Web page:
When you think of TikTok, what’s the first thing that comes to mind? Is it the slowed, reverb versions of already overplayed songs? Or maybe it’s the exaggerated dance routines or wanna-be-Hollywood acting? If you thought of any of those things, you’d be correct because so did I (let’s face it–some of it is cringy). However, what also comes to my mind is the potential for the site to give a voice to our fellow Muslim youth, an underrepresented community in popular culture amid widespread Islamophobia.
Let me ask you all another question. Do any of you remember this TikTok video? You know, the one where a young woman casually discussed China’s involvement in Uighur Muslim detainment while giving a beauty tutorial. That woman was human rights activist and Pakistani American Feroza Aziz. As a 17-year-old at the time, Aziz didn’t just raise awareness of an atrocious violation of innocent Muslims’ right to religious expression. She did much more.
Videos like Aziz’s have inspired tech-equipped Muslim teens and young adults to raise their voices against social injustices on behalf of those who can’t. Take 21-year-old Aaliyah Aaden for example. Using TikTok, Aaden developed a minute-long skit that reenacted an encounter she had with commuters on a public bus, who looked frazzled while she was adjusting her hijab. The video went viral on “Muslim-Tok,” drawing attention to the scrutiny Muslim women bear while wearing a hijab in Western society.
TikTok has also opened more doors for Muslims to combat Islamophobia by portraying their faith in a more positive light. During the month of Ramadan, Muslim youth have used their platform on TikTok to detail everything from the rules of Islam to the common misconceptions that surround them. Many content creators also shared comedic sketches to poke fun at relatable struggles that Muslims face while fasting. In doing so, Muslim influencers expanded the reach of Islamic culture further than it could have without TikTok. I mean, just look at the numbers: #ramadan and #eidmubarak received a view count of 14.2 billion and 9 billion views, respectively, since TikTok’s inception. These figures not only attest to TikTok’s role in “helping the Muslim youth connect,” but also its role in exposing foreign audiences to Islam in a digestible format. In other words, TikTok works.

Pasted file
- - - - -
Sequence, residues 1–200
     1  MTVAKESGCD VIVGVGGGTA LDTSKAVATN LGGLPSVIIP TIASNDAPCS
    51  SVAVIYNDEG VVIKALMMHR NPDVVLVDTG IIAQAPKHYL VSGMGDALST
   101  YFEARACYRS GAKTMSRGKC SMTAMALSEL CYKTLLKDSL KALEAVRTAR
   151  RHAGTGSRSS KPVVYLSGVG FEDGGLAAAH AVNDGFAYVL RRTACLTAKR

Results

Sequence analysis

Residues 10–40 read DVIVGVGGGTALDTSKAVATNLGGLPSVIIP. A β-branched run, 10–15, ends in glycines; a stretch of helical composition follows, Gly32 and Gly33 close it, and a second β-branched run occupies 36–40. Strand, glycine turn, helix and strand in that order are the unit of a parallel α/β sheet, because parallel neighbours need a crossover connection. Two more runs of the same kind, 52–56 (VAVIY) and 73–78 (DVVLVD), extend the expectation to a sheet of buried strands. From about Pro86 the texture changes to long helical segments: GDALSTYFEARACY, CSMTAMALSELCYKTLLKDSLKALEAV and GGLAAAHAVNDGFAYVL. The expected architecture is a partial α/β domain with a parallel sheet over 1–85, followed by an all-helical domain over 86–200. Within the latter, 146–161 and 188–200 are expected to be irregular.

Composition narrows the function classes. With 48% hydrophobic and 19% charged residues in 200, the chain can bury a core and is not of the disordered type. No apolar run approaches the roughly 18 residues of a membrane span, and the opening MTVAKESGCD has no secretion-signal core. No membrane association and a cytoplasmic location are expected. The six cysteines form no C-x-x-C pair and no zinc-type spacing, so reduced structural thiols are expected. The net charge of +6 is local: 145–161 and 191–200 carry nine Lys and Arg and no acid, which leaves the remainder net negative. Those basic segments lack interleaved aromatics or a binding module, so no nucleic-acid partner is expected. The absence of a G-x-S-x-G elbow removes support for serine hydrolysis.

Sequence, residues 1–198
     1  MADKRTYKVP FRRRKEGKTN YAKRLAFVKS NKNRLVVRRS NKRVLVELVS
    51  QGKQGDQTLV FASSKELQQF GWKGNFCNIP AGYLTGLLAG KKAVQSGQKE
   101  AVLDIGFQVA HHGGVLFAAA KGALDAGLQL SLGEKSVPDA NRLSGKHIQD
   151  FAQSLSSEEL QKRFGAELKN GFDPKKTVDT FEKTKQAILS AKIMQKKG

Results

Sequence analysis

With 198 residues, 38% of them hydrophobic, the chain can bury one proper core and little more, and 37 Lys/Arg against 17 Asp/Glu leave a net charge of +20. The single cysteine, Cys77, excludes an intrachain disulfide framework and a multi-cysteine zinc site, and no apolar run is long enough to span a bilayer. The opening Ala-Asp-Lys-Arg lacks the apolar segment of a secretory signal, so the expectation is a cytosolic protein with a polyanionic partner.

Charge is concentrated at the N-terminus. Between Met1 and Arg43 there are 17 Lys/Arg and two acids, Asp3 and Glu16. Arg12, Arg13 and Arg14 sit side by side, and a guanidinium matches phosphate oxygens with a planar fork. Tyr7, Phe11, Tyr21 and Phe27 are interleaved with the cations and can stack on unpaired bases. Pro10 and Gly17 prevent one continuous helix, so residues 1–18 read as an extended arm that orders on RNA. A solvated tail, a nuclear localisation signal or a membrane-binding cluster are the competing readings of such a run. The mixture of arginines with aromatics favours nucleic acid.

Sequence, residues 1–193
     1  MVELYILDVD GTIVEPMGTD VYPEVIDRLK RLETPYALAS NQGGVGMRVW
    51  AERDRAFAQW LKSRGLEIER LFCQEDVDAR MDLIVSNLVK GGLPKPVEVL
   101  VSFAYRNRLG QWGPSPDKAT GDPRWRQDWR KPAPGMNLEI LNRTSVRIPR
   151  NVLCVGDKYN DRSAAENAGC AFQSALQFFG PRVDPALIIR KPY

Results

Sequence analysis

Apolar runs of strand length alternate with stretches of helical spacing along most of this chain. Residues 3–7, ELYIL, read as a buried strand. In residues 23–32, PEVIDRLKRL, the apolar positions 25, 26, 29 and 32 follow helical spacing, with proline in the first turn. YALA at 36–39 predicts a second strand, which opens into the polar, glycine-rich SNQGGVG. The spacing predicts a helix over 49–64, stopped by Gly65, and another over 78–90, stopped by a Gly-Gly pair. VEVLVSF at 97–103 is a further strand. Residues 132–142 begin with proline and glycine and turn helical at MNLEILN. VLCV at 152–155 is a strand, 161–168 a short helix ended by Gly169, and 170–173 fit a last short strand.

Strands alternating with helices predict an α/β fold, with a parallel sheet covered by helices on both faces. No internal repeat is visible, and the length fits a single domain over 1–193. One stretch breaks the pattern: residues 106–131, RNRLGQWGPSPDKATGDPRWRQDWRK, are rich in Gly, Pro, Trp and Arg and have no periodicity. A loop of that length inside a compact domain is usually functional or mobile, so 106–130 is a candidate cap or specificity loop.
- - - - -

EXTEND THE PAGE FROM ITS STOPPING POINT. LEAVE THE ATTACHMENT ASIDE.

Inevitably, there will be adversaries to “Muslim-Tok” along religious lines. For one, white supremacists have taken to TikTok to express their dissatisfaction with Islamic culture, so much so that they glorify Muslim hate crimes and those responsible. In fact, the Institute for Strategic Dialogue analyzed a random sample of 1030 TikToks to track for online extremism, and determined that just under 1 in 3 clips (312) promoted white supremacy. Of those 312 clips, roughly 30 videos glorified the events of the Christchurch mosque shooting, and another few did the same for the Bosnian Muslim genocide.
The mass spread of anti-Muslim hatred is already horrific in itself. Ironically, though, another adversary to “Muslim-Tok” and what it stands for may very well be TikTok’s censorship policies. Shortly after Aziz published her video, TikTok executives permanently banned access to her account. Is it a coincidence that TikTok would censor content that doesn’t please Beijing? Perhaps. I mean…it could be pure coincidence that ByteDance, the company that created TikTok and maintains its ownership, is a Chinese-based entertainment firm. Or that TikTok would immediately target a video that criticized China for initiating the second coming of the “Holocaust.” Or that ByteDance also allegedly instructs TikTok moderators to remove videos that mention “Tiananmen Square ” and “Tibetan independence,” which just so happen to be touchy subjects for Beijing officials. If TikTok is really dead set on clearing its name here, they’re not doing themselves any favors.
Yet, despite the pushback that Islamic content may receive, Muslim influencers need to continue posting TikToks. Their videos have been momentous in raising awareness to social injustices in the Muslim community and establishing a lighthearted virtual space for Islamic culture to thrive. Without this content, we are only letting the loud minority of narrow-minded white supremacists and politically-motivated social media executives (…cough, cough ByteDance) win on TikTok, the latest battleground in the war on Islamophobia. That is a loss the Muslim community cannot take.